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Choppy Markets Turn Rough for Aixtron
09/19/2011 4:27 pm EST
Quite a change from Aixtron’s last guidance back on July 28.
At that time, Aixtron (AIXG), a leading maker of equipment to manufacture LEDs, said that although it believed that the choppy waters of the second quarter were likely to continue in the third quarter, the company remained optimistic about achieving its original targets for the full year.
On September 15, however—just two weeks before that choppy third quarter closes—the company cut its revenue and earnings guidance significantly for 2011.
Customers are delaying orders, and Aixtron sees revenue it counted on for 2011 shifting into 2012. To be prudent, the company also decided to take $140 million out of its order backlog, to account for the chance that customers will cancel orders completely.
The guidance didn’t amount to throwing in the towel, but it is recognition that the global slowdown isn’t just choppy waters. I don’t think this is worse than Wall Street and investors were expecting—and you could make an argument that the stock is now fairly valued.
You could—but I won’t here.
Investors don’t know, and can’t know, that this is the worst that it will get. And while I think the shares now trade at a very attractive price if Aixtron’s forecast holds, I won’t put any weight in that forecast until I see if the third quarter—scheduled for reporting on October 27—shows that the situation is no worse than Aixtron’s management thought just two weeks before the end of the quarter.
The new guidance is a big step down from the former projections. In July, Aixtron was talking about revenue of 800 million to 900 million euros. The September projection looks for 600 million to 650 million.
And since this projection is for the year as a whole, it translates into a very big hit for the second half—a decline in revenue for the last half of 2011 of roughly 50%.
Aixtron also cut its projections for EBIT (earnings before interest and taxes) profit margins to 25% to 30% from the previous guidance of 35%.
A recent update from Credit Suisse on trends among Asian LED makers shows the source of Aixtron’s problem. Demand is down, prices are way down, and manufacturers are stretching out their capital budgets.
This trend has been made worse by the end of subsidies in China to buy MOCVD equipment (that’s metal organic chemical vapor deposition, to you and me).
For example, Epistar, the largest manufacturer of LEDs in Taiwan, and a specialist in high-brightness LEDs used in general lighting, traffic signals, mobile phones, and laptops, told Credit Suisse that it “might” cut capital spending by 65% in 2012 from 2011 levels. Another, Formosa Epitaxy, told Credit Suisse that it plans to cut capital spending by 33% in 2012.
What puts a stop to this kind of retrenchment? In the short term, a big pickup in demand from companies such as Samsung that use large quantities of LEDs in products such as TVs could make this downturn a blip in the long-term LED story.
That could happen in the last quarter of 2011, but LED makers told Credit Suisse they weren’t optimistic about any significant improvement in 2011.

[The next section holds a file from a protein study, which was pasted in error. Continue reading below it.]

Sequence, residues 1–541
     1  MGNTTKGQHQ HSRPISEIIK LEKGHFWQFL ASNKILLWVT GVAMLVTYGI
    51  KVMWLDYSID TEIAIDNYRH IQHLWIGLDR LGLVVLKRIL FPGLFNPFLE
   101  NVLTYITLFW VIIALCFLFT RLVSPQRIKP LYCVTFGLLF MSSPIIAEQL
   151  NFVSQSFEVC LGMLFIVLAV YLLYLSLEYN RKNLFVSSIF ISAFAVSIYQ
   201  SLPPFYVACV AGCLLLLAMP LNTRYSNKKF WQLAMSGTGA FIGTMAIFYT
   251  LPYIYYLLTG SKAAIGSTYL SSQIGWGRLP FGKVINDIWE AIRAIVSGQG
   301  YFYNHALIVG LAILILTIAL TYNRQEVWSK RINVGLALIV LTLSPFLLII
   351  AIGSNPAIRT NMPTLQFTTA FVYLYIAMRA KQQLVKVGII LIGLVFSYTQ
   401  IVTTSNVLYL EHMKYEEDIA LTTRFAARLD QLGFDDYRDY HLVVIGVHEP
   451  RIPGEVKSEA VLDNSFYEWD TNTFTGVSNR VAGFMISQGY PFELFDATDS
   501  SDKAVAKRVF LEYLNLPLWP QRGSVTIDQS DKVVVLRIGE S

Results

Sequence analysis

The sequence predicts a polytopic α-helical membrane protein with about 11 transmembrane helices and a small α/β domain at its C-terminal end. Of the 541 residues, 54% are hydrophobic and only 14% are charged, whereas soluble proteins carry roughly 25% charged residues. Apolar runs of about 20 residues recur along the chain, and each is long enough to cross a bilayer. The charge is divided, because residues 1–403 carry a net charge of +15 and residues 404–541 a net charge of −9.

Otherwise, we’re looking at a problem that will require consolidation, as smaller companies get bought or go under, leading to improved prices for the survivors, leading finally to new equipment orders as capital budgets stabilize. (Some new subsidies in China would help.)
I don’t expect that orders for new equipment will dry up completely, because the newest generation of machines from Aixtron and Veeco Instruments (VECO) offers substantial improvements in manufacturing speed and costs.
But other than the attractiveness of buying Aixtron shares at a two-year low, I don’t see anything to move this stock up significantly in the near term. And my guess is that investors looking for an end-of-year loss to offset any profits (surely someone has some left from the beginning of the year) will find Aixtron an attractive candidate for tax selling.
So what do you do if you own these—and the stock is member of my Jubak’s Picks portfolio, where I’m looking at a 47% loss since November 16, 2010? I
f you’re optimistic about the direction of the general market in the short term, you can hold onto these shares for a bounce before selling. You can sell now if you can use the end of the year tax loss.
If you like the long-term prospects for this company and the industry, you can trim positions to a level that won’t cost you too much money if the LED markets weakens further, but that will keep your eye on the stock so that you can catch the recovery in the sector (whenever that might be).
The one thing I don’t recommend right now is buying more to double down on this pick. The payoff on that is too far away, in my opinion, to make it attractive. At least wait until the end of the year tax-selling tide recedes in December to see what you might want to do with these shares.
Sometimes the best thing to do is admit that you got one way wrong—and I certainly did with this one—and move on.
Full disclosure: I don’t own shares or units of any of the companies or partnerships mentioned in this post in my personal portfolio. The mutual fund I manage, Jubak Global Equity Fund, may or may not now own positions in any stock mentioned in this post. The fund did own shares of Aixtron as of the end of June. For a full list of the stocks in the fund as of the end of June, see the fund’s portfolio here.
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